2009 - American Sociological Association Annual Meeting Words: 1 words || 
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3. Earl, Jennifer. "RNC Arrestees and Future Protest Participation: The Impact of Protest Arrests on Future Expected Protest Participation" Paper presented at the annual meeting of the American Sociological Association Annual Meeting, Hilton San Francisco, San Francisco, CA, <Not Available>. 2019-09-23 <http://citation.allacademic.com/meta/p374883_index.html>
Publication Type: Conference Paper/Unpublished Manuscript

2017 - APSA Annual Meeting & Exhibition Words: 272 words || 
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4. Nikolayenko, Olena. "Why Women Protest: Findings from the 2013-2014 Protest Campaign in Ukraine" Paper presented at the annual meeting of the APSA Annual Meeting & Exhibition, TBA, San Francisco, CA, Aug 31, 2017 <Not Available>. 2019-09-23 <http://citation.allacademic.com/meta/p1246287_index.html>
Publication Type: Conference Paper/Unpublished Manuscript
Review Method: Peer Reviewed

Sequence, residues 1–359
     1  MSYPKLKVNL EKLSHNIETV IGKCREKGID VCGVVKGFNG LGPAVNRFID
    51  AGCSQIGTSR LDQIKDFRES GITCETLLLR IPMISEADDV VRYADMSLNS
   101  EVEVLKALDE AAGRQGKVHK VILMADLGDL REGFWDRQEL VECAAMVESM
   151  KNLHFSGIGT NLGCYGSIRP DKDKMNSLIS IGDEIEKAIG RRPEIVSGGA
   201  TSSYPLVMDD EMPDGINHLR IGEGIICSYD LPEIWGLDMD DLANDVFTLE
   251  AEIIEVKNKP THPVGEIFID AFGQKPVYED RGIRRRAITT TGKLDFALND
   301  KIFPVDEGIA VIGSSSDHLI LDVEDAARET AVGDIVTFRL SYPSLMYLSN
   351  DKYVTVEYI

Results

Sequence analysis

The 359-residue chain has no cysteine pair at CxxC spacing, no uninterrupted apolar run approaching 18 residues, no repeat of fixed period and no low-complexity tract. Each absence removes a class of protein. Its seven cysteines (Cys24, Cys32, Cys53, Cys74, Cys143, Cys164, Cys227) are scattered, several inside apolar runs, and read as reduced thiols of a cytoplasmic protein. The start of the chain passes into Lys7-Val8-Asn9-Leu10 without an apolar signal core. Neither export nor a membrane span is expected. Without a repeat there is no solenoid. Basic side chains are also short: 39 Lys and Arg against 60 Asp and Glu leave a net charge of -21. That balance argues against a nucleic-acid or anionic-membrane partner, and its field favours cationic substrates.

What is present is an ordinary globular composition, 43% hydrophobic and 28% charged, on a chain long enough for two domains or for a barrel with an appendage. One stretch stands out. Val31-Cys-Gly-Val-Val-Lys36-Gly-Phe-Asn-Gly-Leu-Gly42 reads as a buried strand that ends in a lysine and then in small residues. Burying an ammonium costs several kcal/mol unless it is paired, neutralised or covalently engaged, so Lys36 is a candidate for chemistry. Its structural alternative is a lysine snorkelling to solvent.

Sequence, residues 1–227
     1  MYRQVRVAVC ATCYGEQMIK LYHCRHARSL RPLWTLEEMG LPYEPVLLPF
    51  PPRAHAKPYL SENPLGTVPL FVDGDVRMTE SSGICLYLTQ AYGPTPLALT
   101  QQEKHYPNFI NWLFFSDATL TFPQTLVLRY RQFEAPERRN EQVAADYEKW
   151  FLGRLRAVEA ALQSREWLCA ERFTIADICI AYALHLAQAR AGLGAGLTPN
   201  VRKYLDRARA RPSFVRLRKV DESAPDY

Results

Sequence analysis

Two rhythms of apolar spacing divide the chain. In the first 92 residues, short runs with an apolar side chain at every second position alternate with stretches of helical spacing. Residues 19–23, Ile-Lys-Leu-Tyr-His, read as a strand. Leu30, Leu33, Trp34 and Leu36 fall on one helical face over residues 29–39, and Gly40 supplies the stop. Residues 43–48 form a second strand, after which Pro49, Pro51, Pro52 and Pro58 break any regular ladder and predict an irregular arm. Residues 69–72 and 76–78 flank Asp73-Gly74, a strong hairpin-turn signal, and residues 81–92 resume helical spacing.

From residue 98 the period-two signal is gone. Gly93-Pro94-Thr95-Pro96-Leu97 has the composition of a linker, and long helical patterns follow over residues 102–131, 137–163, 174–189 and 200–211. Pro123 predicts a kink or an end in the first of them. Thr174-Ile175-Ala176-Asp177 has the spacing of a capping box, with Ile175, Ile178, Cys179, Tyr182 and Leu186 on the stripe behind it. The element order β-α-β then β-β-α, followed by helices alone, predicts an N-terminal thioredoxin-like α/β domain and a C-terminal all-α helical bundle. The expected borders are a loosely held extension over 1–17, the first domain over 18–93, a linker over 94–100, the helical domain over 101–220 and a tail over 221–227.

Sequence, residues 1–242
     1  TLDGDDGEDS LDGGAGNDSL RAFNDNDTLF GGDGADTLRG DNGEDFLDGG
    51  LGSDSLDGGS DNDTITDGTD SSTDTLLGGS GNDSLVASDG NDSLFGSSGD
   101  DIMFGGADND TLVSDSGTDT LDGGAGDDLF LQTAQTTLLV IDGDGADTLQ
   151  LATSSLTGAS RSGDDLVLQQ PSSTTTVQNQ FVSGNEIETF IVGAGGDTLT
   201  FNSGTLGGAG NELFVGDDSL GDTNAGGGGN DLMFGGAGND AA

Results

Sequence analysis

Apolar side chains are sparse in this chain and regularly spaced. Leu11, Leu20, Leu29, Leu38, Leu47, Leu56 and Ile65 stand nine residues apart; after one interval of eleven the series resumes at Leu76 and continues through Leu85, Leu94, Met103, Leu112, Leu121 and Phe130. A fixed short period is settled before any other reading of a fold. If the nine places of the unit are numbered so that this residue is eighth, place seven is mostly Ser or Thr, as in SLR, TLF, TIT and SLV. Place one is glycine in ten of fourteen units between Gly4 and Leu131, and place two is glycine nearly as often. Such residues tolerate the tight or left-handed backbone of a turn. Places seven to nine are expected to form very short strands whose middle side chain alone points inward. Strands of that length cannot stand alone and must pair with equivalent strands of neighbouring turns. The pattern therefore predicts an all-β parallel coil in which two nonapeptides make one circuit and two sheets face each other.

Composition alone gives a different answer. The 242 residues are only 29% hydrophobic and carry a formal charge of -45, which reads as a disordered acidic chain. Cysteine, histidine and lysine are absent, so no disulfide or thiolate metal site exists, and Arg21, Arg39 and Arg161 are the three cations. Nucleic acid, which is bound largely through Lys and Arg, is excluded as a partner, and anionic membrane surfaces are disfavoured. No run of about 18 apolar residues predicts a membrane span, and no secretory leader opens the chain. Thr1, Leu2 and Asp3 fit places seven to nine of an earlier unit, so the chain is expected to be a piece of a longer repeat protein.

Abstract: Women have been actively involved in anti-communism resistance movements and post-1989 protest campaigns in Eastern Europe. Yet, women’s engagement in contentious politics has not been fully considered in comparative democratization literature. Addressing this oversight, this study uses the case of the 2013-2014 protest campaign in Ukraine to examine how and why women engage in high-risk activism. The protest campaign, commonly known as the EuroMaidan, was one of the longest and most violent antigovernment protests in the post-communist society, lasting from November 2013 to February 2014 and resulting in the deaths of more than one hundred protesters. The EuroMaidan was initially triggered by the incumbent’s abrupt refusal to sign a free trade agreement with the European Union, but it quickly grew into a social movement encompassing a wide range of political, socioeconomic, and cultural issues. Women constituted a significant portion of participants in these protest events. Specifically, women coordinated the dissemination of protest-related information, provided first aid for the wounded, and patrolled the barricades. Based upon data from in-depth interviews with female protesters, this study identifies a variety of motivations for women’s activism, including active mothering, civic duty, solidarity with family and friends, professional service, outrage over police violence, disapproval of the incumbent’s foreign policy priorities, and long-term dissatisfaction with the government. This study contributes to extant work on gender and politics by tracing women’s participation in the national struggle for independence and democracy in the post-Soviet region. It is important to unravel causes and consequences of women’s activism, especially in repressive political regimes, since women constitute a half of the world’s population and can play a pivotal role in championing social change.